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Labor unions, also called trade unions or unions, are an important part of the American labor force. There are pros and cons to being a union member, but many of the long-established labor laws in this country geared toward protecting workers’ rights would not exist without them. International, national, state, or local unions can be found in the private business sector. Labor unions have a long and complicated history in this country and abroad. The potential to form unions is often met with pushback. The American Federation of Labor and Congress of Industrial Organizations, aka the AFL-CIO is the largest federation of unions in the U.S. Per their website, “Right-to-work” is a term for a policy designed to take away rights from workers. Right-to-work laws make it harder for employees to form unions, often to their own detriment, and to the benefit of large corporations.

What Are Labor Unions?

A labor union is an organized group of workers whose primary goal is to improve collective working conditions at their places of employment and/or ensure that previously set working standards are maintained. Essentially, unions bargain with employers on behalf of employees, and in doing so, they help maintain employer accountability. Among other things, union organizations may be found instituting transparent and reasonable workplace protocols and complaint procedures or fighting for such things as safer work conditions and more favorable hours, wages, and benefits. They may also be responsible for establishing the rules and guidelines around hiring, promoting, and firing employees. Labor unions are also responsible for safeguarding workers’ collective bargaining power.  

When did labor unions start?

American unions have a history reaching as far back as the founding of the country. The first record of an American worker strike occurred in New York in 1768, when the journeymen tailors there refused to work in the face of reduced wages. In 1794, the shoemakers of Philadelphia came together to form the first known American labor union. They called themselves The Federal Society of Journeymen Cordwainers. Their purpose was to protect themselves when dealing with greedy factory owners at the start of the Industrial Revolution. In 1866, the National Labor Union was founded.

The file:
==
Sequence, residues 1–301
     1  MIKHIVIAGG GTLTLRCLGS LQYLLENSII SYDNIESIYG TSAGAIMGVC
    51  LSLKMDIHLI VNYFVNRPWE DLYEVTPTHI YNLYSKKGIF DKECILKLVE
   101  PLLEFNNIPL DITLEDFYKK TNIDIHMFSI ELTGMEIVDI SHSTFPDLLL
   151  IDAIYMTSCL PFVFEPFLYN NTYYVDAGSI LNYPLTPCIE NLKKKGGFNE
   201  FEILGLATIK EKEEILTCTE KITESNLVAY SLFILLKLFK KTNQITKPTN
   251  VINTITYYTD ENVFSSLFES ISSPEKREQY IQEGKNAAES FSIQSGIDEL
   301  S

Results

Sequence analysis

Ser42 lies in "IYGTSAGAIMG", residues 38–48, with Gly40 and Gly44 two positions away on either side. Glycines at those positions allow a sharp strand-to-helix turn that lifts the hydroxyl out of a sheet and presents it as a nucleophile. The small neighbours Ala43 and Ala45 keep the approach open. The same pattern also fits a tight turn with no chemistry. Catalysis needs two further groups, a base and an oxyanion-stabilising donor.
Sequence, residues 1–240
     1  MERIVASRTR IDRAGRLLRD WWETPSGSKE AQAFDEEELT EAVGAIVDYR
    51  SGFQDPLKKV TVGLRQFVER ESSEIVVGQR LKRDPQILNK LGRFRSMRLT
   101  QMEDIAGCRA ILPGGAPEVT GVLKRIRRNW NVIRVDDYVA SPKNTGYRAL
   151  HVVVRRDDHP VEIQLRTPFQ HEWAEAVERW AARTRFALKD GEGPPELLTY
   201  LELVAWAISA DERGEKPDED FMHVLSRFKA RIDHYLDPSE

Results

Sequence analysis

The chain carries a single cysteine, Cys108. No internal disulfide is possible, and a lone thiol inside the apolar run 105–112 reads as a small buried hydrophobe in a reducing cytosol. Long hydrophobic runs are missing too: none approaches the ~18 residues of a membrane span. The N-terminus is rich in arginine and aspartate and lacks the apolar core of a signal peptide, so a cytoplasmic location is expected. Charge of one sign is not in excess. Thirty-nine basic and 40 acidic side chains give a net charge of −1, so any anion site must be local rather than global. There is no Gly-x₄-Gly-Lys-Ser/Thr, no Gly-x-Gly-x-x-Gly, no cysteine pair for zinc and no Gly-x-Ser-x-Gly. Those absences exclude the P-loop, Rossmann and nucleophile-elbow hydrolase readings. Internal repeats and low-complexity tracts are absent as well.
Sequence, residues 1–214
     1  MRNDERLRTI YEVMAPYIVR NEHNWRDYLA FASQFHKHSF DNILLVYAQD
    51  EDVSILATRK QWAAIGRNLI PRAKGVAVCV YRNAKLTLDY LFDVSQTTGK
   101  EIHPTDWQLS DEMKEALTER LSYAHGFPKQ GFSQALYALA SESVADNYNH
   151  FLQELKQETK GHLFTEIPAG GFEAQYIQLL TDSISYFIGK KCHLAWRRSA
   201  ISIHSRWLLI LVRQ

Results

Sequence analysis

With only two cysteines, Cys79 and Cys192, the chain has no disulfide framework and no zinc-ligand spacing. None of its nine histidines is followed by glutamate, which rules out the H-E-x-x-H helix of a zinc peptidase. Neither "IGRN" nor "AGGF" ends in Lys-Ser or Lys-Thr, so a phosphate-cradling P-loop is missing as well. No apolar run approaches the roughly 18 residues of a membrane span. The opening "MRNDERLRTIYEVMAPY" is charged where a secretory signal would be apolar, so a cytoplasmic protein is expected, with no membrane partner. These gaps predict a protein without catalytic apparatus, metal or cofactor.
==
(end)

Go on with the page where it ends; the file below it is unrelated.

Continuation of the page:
How do labor unions work?

Labor unions are democratic in nature. The members of a union hold elections to choose their leaders. In turn, those elected officials take on the responsibility of advocating for the group and making decisions on their behalf. Typically, this is done through collective bargaining. Collective bargaining is the term for the process used by union members and employers to negotiate workplace contracts. It seeks mutually agreed-upon resolutions to workplace issues. These types of negotiations generally take place whenever contracts are up for renewal or when employers make changes to the workplace. Once labor-management agreements are reached, they are contained in legally binding written contracts called collective bargaining agreements (CBAs). 

In the United States, it is estimated that about three-quarters of private sector employees and two-thirds of public workers have the right to collective bargaining. If ever labor and management find it difficult to reach a collective bargaining agreement around any of their issues, they have resources at their disposal to help. The Federal Mediation & Conciliation Service (FMCS) is geared toward preserving and promoting peace and cooperation between labor and management. To that end, they provide free conflict resolution training and mediation. In the federal sector, the Federal Labor Relations Authority (FLRA) works to safeguard rights, resolve disputes, and promote stable relationships between federal agencies, labor groups, and employees. 

The benefits of labor unions for workers

There are many benefits to joining a labor union. Unions promote transparency and better equity in the workplace. They provide safety nets for employees through collective advocacy and bargaining, and they give workers more security when it comes to speaking up for their workplace rights. Here are some of the things that unions have been known to advocate for:

  • Better (Fairer) wages 

  • Reduced wage gaps for women and people of color

  • Payment transparency

  • Safer working conditions and protections

  • Paid leave 

  • Consistent and/or flexible scheduling

  • Disability protections